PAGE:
実践ビジネス英語 2018/9/27 Restaurant Economy (5)
27 木 Lesson12 Restaurant Economy (5)

Alvarez describes working at her uncle’s restaurant and how he told her to always ask what was wrong with the food if the customer didn’t eat it. She describes unpleasant customers
including those with bad table manners. She urges people to use their napkin often, sit up straight
and not put their elbows on the table.

someday
将来のいつか ある日  one day 過去のある日
That’s not a bad idea. それは悪くない考えだ。
seriously 真面目な話だが、冗談抜きに
Joking aside, ah, speaking in seriousness. Ah, you might say something like, “Thanks to me, sales are up 5%. Ah, no, no. Seriously. Good work, everybody. ”
learn a valuable lesson 貴重な教訓を得る
summer break 夏休み
run a tight ship 船員をきちんと管理する。組織を厳格に管理する
He operated in an efficient, well-managed organization. The image here is a well-managed ship with tightly pulled ropes. You know, back in the days the old sailing ships. We also use this about homes and other kinds of operations. You could say, “My mother ran a very tight ship. No dirty socks on the floor ever and everyone in bed on time.”  ship 船だけでなく、会社などについても, tight ship
uneaten food 食べ残し
Alvarez says, “Onetime, I brought a plate of uneaten food back to the kitchen.”
scold 叱る、小言を言う
Admonish, reprove for some bad action. It’s especially common to use this about people who are lower ranked or toward children. Like, she scolded her son for not saying “thank you.” Or, my boss scolded me for wearing scuffed shoes to work.
scold 場合によっては 激しく叱りつける
reprove 優しく窘める scold よりももうちょっと優しい感じがしますね
disagreeable いやな、不愉快な
This, ah, term, ah, refers to a range of unpleasant things. Ah, we could use it about unfriendly people, people who’re not polite. I’ve certain met disagreeable sales people in my time. It can also just mean “unpleasant, not enjoyable.” Ah, I had a very disagreeable conversation with her.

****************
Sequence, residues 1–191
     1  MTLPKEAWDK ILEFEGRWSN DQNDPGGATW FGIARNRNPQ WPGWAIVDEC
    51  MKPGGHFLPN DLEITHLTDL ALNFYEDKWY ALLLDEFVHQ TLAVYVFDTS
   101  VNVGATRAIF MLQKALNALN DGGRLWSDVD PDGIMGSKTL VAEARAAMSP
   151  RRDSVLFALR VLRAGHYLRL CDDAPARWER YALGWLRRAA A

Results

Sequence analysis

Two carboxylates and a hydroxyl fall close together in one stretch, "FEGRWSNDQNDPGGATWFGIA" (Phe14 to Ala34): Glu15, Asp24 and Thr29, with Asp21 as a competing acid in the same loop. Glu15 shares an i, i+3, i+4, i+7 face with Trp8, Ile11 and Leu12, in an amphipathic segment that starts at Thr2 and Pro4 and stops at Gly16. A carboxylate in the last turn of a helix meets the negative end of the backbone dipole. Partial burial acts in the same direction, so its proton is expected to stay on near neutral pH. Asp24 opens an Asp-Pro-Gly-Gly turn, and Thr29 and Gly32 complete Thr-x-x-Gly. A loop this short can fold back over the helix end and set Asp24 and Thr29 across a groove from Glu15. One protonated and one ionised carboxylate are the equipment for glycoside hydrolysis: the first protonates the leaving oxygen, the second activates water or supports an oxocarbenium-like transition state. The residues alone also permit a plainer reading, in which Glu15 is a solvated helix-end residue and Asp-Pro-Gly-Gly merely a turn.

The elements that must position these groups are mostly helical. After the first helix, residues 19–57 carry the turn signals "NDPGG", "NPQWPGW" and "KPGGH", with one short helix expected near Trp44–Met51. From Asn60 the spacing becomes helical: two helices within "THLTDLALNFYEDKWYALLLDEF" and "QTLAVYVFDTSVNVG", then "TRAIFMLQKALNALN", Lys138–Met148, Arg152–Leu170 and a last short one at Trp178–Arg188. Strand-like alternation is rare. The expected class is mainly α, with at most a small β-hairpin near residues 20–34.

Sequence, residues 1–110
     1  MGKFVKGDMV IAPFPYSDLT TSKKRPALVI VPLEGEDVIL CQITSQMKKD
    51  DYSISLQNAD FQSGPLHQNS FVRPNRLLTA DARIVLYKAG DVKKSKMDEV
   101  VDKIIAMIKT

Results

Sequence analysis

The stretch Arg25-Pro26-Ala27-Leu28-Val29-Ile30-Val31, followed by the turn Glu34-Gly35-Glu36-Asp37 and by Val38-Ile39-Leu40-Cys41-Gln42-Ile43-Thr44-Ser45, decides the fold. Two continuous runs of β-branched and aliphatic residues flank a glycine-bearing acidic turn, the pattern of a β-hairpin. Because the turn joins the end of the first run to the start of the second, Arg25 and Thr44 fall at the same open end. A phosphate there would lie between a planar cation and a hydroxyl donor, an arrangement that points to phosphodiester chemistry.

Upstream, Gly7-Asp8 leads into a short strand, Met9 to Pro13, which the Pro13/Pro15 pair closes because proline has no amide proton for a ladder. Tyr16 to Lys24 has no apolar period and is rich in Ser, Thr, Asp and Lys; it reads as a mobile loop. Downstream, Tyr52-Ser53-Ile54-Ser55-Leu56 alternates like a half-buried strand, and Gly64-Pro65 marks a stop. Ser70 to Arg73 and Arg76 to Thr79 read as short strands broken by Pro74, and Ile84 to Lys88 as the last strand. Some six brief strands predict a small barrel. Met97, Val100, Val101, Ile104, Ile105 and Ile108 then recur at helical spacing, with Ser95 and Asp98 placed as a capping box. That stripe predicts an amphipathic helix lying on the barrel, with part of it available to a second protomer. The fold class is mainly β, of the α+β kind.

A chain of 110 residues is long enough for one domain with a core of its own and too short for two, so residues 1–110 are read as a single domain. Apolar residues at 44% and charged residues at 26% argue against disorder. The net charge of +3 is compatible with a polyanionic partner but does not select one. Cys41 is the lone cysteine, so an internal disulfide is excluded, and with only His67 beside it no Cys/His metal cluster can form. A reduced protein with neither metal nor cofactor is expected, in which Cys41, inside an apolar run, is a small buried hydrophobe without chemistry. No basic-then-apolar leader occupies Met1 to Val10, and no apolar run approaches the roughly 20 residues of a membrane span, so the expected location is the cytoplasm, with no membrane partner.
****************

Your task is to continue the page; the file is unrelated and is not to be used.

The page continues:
in my time ある時期に?
show disrespect 失礼な態度を取る、 disrespect ディスる
Alvarez says, “Putting your cell phone, keys or purse on the table shows disrespect to the staff and other diners.” She could also just say, “disrespect.” Leaving your cell phone on the table disrespects the staff. Or, shows a lack of respect.
neglect basic table manners 基本的なテーブルマナーを無視する、守らない
テーブルマナー manners 複数
Not follow fundamental etiquette at the table. We also say, “Mind your manners.” Meaning “be polite” ah, especially when scolding children. Mind your manners. Say, “thank you.”
be tempted to –  〜したくなる
Be strongly inclined to do something. Feel the desire. Like, I’m tempted to get a new refrigerator. Or, I’m really tempted to tell him how I feel. You’ll also hear the expression “tempt fate.” And this means “take a dangerous risk, court danger.” Like, as if we’re saying to fate I dare you. Do something bad to me. Imagine I bring a bottle of orange juice to my desk. I put it far away from my computer thinking, “Let’s not tempt fate. It would be very easy to spill this on my laptop.”
tempt fate 運命に逆らう 命知らずの冒険を犯す
Don’t tempt fate. 無茶はやめなさい。
butter bread パンにバターを塗る
in midair 空中で、空中で
Alvarez is talking about holding a piece of bread up off the plate and buttering it, you know as you hold it. We also say, “in the midair” about things that are moving through the air. The book fell off the shelf and she caught it in midair. Or, these planes can refill in midair.
sit up straight 背筋を伸ばして座る
Sit with a straight back. Don’t slouch. We also say, “Stand up straight.” I heard that a lot from my mother as a kid. “Stand up straight.” There’s also “stand up and take notice.” And that refers to paying attending to something. Something catching our attention. His eloquent speech made everyone sit up straight and take notice.


up to par  基準に達して、標準に達して
par ラテン語で equal イコール

above par 標準以上で
below par, under par 標準以下で
par for the course よくあること、当然のこと、当たり前の事




Comments

comments

No tags for this post.